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Making Sense of What Happened in Iran

Jan. 24 2018

The recent anti-government protests in Iran hardly amounted to a revolution, but they were certainly not instances of “conspiracy” or “sedition,” as the mullahs tried to label them; nor were they merely economic, as former Obama-administration officials insisted. Rather, writes Amir Taheri, they were an expression of fundamental political discontent with the regime itself:

[O]ne remarkable feature of the protests was that, for the first time in Iranian contemporary history, there was no religious undertone in any of the slogans and speeches made by protest leaders. What we witnessed in Iran was a political movement with political aims . . .

Many Iranians, including some within the regime, implicitly agree that the mullahs took over a fairly prosperous country four decades ago and turned it into a poorhouse where up to five million suffer from chronic hunger and a further 25 million are housed in slums unfit for human habitation. And . . . they know that the nation’s economic woes are a result of the regime’s reckless policies at home and abroad. Thus, what we witnessed was a national political revolt against the status quo. . . .

The revolt . . . cut across class, regional, ethnic, and religious divides. In some places, for example Isfahan, the richest local families were marching alongside the poorest of the city with middle-class and lower-middle-class people also joining in. In Arak, an industrial city, workers and their employers marched shoulder to shoulder to indicate they were fed up with the Khomeinist system. The revolt also bridged the generation gap, bringing together people of all ages. . . . [It] also cut across the gender gap by bringing together almost as many women as men. In many places, even smaller towns, women assumed leadership. . . .

[The revolt] didn’t offer a clear alternative [to the present system] but helped clear the air by puncturing the Khomeinist regime’s claim of invincibility. Even a year ago few would admit that the Khomeinist system was overthrowable. Now many, including some of the regime’s lobbyists abroad, publicly do so. . . . The national revolt was about the change that may be delayed but won’t be denied.

Read more at Asharq Al-Awsat

More about: Ayatollah Khomeini, Iran, Politics & Current Affairs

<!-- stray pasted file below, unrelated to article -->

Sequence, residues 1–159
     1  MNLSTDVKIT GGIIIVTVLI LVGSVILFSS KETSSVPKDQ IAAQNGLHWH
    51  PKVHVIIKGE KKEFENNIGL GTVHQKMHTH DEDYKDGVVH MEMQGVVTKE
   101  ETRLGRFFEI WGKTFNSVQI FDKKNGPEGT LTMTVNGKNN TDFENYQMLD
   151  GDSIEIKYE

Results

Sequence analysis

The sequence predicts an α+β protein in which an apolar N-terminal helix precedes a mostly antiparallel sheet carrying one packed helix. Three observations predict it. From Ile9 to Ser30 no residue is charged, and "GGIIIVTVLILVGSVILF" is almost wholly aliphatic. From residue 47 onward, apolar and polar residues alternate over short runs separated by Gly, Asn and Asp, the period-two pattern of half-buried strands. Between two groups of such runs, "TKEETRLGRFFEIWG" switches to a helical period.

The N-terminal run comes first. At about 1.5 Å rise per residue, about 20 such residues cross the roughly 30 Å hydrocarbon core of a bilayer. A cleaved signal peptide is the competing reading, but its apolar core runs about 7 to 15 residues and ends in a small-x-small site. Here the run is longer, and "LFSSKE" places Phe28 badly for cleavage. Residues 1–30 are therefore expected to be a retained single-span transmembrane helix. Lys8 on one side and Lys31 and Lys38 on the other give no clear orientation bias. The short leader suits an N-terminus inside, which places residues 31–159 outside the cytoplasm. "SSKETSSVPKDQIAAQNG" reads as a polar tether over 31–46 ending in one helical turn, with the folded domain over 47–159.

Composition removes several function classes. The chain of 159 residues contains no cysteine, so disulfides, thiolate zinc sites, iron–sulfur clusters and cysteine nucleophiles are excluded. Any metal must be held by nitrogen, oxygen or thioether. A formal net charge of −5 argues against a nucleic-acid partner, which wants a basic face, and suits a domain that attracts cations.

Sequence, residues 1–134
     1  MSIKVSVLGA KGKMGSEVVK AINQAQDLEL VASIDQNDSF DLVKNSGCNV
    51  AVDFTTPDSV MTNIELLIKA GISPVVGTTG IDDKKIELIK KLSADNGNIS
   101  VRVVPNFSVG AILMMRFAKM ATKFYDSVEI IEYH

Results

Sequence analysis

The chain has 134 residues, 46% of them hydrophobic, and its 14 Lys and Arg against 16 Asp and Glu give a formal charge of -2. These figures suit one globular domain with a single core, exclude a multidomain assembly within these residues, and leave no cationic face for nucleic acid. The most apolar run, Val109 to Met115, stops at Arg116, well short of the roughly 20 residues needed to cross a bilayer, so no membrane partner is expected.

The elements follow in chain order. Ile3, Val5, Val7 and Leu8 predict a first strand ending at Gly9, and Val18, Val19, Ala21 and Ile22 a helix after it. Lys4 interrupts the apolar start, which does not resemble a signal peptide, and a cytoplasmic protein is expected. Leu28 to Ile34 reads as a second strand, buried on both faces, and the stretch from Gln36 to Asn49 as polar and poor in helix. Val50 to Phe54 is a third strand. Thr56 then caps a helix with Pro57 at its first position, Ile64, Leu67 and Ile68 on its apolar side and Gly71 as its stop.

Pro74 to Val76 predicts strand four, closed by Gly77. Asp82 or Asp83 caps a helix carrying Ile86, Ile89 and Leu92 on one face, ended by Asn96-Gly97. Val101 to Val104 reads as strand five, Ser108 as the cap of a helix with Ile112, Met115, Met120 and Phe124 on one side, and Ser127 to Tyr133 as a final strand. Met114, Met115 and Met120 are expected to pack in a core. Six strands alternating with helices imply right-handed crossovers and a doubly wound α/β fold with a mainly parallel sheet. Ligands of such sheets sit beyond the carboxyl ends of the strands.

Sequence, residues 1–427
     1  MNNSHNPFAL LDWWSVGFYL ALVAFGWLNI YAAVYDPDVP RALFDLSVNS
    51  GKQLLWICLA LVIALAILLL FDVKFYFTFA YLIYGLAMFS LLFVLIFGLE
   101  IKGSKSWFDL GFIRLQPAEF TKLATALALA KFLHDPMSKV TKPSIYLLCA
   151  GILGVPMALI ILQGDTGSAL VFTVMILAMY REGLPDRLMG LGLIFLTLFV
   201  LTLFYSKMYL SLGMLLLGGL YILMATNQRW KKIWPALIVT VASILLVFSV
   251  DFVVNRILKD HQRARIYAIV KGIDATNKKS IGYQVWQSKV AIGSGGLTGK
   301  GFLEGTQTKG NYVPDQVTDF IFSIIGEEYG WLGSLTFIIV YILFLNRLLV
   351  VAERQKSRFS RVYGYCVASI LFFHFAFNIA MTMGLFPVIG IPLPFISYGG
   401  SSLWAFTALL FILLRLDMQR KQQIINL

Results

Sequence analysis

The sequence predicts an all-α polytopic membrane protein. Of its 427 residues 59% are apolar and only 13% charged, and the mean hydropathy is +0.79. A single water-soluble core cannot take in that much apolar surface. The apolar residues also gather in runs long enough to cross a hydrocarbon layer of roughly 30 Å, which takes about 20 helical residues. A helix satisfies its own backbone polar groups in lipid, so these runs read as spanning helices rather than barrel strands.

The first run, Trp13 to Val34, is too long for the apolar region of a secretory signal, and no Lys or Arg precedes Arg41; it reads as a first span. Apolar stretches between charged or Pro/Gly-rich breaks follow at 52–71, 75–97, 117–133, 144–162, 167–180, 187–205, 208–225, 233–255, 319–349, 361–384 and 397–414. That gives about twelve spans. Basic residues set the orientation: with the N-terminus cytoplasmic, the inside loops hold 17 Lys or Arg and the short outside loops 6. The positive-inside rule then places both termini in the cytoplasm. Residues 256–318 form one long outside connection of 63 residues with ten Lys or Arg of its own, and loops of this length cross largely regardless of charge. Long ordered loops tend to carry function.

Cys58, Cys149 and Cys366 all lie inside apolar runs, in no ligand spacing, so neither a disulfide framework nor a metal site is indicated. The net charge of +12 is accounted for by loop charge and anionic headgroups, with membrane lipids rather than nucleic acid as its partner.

Toward an Iran Policy That Looks at the Big Picture

On Monday, Secretary of State Mike Pompeo delivered a speech outlining a new U.S. approach to the Islamic Republic. Ray Takeyh and Mark Dubowitz explain why it constitutes an important and much-needed rejection of past errors:

For too long, a peculiar consensus has suggested that it is possible to isolate the nuclear issue from all other areas of contention and resolve it in a satisfactory manner. The subsidiary [assumption] embedded in this logic is that despite the bluster of Iran’s rulers, it is governed by cautious men, who if offered sufficient incentives and soothing language would respond with pragmatism. No one embraced this notion more ardently than the former secretary of state, John Kerry, who crafted an accord whose deficiencies are apparent to all but the most hardened partisans. . . .

A regime as dangerous as the Iranian one requires no less than a comprehensive strategy to counter it. This means exploiting all of its vulnerabilities, increasing the costs of its foreign adventures, draining its economy, and aiding our allies. Most importantly, the United States must find a way of connecting itself to domestic opposition that continuously haunts the mullahs.

Washington should no longer settle for an arms-control agreement that paves Iran’s path to a bomb but rather a restrictive accord that ends its nuclear aspirations. The United States should not implore its allies to share the Middle East with Iran, as Barack Obama did, but partner with them in defeating the clerical imperialists. And most importantly, the United States should never forget that its most indispensable ally is the Iranian people.

Read more at Foreign Policy

More about: Iran, Iran nuclear program, Mike Pompeo, U.S. Foreign policy